Posted by: Formerly T-Bear | Jun 18 2019 19:09 utc | 140

Formerly T-Bear
The link looks just fine from my place and clicking it leads to the site? Nothing out of width here, perhaps an outdated browser at your place?

Posted by: Zanon | Jun 18 2019 19:30 utc | 141

Zanon @141

Yandex browser, same happens on older Safari.
Am losing vision and extended pages make reading very difficult.
Now page width about double normal width.
Have noticed links with { - } never cause the problem, only when a { _ } happens between words.
Thanks .

Posted by: Formerly T-Bear | Jun 18 2019 19:58 utc | 142

@donkeytale | Jun 18, 2019 12:51:36 PM | 138

The great thing about this mickey mouse game of assertion without fact practiced so poorly first by Cyril and now by you is it actually leads me to study what you say to quickly realise how you both cheapen a good debate with your intellectual laziness and attempted "gotcha" vainglory.

You are as honest as the people you side with. You have not withdrawn your smear of Xi Jinping, nor have you retracted your citation of a lying Soros organization as "fact". I have certainly noticed.

I repeat: I have Fortune Magazine and Birkenfeld, famous for his knowledge of real money launderers, on my side. So far, you have cited only liars. Try again.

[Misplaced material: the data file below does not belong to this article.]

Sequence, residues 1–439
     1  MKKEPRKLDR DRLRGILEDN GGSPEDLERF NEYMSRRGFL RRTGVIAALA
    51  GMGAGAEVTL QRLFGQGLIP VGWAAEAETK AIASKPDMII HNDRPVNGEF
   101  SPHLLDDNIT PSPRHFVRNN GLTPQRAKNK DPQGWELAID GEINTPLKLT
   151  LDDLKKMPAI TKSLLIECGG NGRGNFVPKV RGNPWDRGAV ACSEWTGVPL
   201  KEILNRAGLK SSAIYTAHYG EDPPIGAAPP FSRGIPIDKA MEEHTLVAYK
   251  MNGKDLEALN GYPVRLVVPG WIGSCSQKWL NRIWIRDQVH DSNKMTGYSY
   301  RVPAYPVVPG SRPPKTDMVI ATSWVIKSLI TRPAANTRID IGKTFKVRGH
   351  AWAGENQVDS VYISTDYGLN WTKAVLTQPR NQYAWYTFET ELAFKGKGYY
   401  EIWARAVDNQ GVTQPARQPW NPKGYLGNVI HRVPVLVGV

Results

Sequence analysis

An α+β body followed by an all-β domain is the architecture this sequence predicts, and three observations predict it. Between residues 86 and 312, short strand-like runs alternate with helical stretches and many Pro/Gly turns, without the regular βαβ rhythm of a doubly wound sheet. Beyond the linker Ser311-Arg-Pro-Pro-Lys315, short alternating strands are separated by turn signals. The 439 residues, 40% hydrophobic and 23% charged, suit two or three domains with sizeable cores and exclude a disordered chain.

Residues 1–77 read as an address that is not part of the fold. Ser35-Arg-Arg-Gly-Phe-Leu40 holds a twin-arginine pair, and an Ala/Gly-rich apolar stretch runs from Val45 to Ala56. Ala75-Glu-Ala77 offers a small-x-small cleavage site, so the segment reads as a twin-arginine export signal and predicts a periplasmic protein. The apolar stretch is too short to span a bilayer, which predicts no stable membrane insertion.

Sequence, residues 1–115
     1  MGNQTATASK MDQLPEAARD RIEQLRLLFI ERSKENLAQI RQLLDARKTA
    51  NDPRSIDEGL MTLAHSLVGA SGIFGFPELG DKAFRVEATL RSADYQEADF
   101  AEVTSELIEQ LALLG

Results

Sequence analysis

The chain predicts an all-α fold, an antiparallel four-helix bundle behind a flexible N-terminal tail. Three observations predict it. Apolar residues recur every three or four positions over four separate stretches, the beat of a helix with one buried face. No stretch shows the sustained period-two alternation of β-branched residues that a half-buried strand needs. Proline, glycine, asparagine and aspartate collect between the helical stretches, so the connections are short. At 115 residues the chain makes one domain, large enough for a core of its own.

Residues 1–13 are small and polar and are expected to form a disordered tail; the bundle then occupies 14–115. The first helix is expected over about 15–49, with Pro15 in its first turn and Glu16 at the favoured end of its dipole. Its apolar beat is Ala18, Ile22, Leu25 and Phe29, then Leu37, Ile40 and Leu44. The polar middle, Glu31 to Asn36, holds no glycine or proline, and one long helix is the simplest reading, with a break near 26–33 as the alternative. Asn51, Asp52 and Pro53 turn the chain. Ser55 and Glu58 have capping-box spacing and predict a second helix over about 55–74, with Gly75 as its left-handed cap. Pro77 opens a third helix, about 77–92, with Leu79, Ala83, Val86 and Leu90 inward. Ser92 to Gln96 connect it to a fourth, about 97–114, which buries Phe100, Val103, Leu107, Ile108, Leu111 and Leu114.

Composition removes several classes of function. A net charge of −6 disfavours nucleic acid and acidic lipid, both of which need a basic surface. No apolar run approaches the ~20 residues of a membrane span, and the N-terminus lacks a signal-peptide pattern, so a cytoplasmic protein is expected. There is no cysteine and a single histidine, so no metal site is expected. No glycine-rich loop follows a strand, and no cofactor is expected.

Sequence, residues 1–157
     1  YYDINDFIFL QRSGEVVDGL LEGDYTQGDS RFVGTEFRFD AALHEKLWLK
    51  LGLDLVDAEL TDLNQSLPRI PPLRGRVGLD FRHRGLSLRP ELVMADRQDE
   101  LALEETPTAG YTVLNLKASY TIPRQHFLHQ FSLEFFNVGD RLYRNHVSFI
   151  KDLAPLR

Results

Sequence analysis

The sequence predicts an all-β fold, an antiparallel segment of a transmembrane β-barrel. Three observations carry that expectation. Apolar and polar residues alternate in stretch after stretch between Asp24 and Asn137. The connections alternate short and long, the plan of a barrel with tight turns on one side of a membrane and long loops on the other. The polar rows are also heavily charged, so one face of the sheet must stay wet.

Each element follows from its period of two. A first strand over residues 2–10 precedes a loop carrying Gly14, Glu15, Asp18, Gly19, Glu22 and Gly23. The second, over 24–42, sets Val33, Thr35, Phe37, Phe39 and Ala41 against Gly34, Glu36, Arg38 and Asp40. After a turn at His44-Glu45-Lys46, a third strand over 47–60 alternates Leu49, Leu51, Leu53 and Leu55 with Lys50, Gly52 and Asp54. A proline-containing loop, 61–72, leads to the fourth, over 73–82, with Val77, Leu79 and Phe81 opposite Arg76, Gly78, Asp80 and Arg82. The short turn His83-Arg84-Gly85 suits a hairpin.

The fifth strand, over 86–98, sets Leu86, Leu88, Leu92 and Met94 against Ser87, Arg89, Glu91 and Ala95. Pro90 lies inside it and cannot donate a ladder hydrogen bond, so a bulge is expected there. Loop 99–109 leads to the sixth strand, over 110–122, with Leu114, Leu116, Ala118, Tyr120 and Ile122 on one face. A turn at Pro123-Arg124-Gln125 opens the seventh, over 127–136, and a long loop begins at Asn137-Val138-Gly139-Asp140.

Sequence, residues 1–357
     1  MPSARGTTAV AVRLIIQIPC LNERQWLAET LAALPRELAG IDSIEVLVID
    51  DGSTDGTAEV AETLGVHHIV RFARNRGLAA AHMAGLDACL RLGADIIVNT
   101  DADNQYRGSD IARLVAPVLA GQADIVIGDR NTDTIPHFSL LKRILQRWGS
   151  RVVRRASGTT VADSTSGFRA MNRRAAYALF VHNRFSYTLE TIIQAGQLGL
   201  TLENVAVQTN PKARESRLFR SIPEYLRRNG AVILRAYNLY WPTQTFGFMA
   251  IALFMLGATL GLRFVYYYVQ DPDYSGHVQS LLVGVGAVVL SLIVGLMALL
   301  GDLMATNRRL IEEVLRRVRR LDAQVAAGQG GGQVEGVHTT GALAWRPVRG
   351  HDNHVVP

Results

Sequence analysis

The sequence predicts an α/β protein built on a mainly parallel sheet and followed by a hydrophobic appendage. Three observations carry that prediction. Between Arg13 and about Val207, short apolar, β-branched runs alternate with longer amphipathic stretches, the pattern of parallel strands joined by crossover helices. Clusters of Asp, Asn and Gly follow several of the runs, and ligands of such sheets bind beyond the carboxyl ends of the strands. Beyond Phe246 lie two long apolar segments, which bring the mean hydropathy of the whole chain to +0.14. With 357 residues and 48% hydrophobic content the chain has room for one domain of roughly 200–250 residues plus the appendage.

Posted by: Cyril | Jun 18 2019 20:00 utc | 143

The Chinese economy is "regulated" and not "managed" you say? OK, define those terms first in your useage and how they differ...
Posted by: donkeytale | Jun 18, 2019 12:51:36 PM | 138

I'll go one better and draw you a picture.

A driver's behaviour on the road is Regulated by a Govt Authority. It is the driver's responsibility to Manage his behaviour to avoid punishment for breaching the regulations.

Posted by: Hoarsewhisperer | Jun 19 2019 3:53 utc | 144

British hands in the on-going Yemen genocide

Posted by: Mina | Jun 19 2019 7:54 utc | 145

Meanwhile, the Euro-whores are at it again. These fucking useless traitorous scum have nothing better than to buy 200 new Boeing 737 MAX, you know, the shit that isn't fit to fly anywhere on the planet. Propping up that bloody shitty company when it can be dealt a lasting blow is treason of the highest order from people who should have in mind the safety of their passengers and the future of Euro economy.

Posted by: Clueless Joe | Jun 19 2019 8:10 utc | 146

@ Posted by: donkeytale | Jun 18, 2019 9:05:06 AM | 135

China, according to the Chinese themselves, is a "market socialist country with Chinese characteristics".

By "market socialism", the Chinese mean "the most primitive stage of socialism". If socialism is a transition system, then market socialism is the beginning of the transition, or, if you want to be cynical, the "transtion of the transition".

The Chinese know they are still a poor country and their goal is to be a "moderately prosperous society" by 2050.

By "moderately prosperous society", they mean today's Belgium living standards (that's their own definition, I'm not inventing none of this).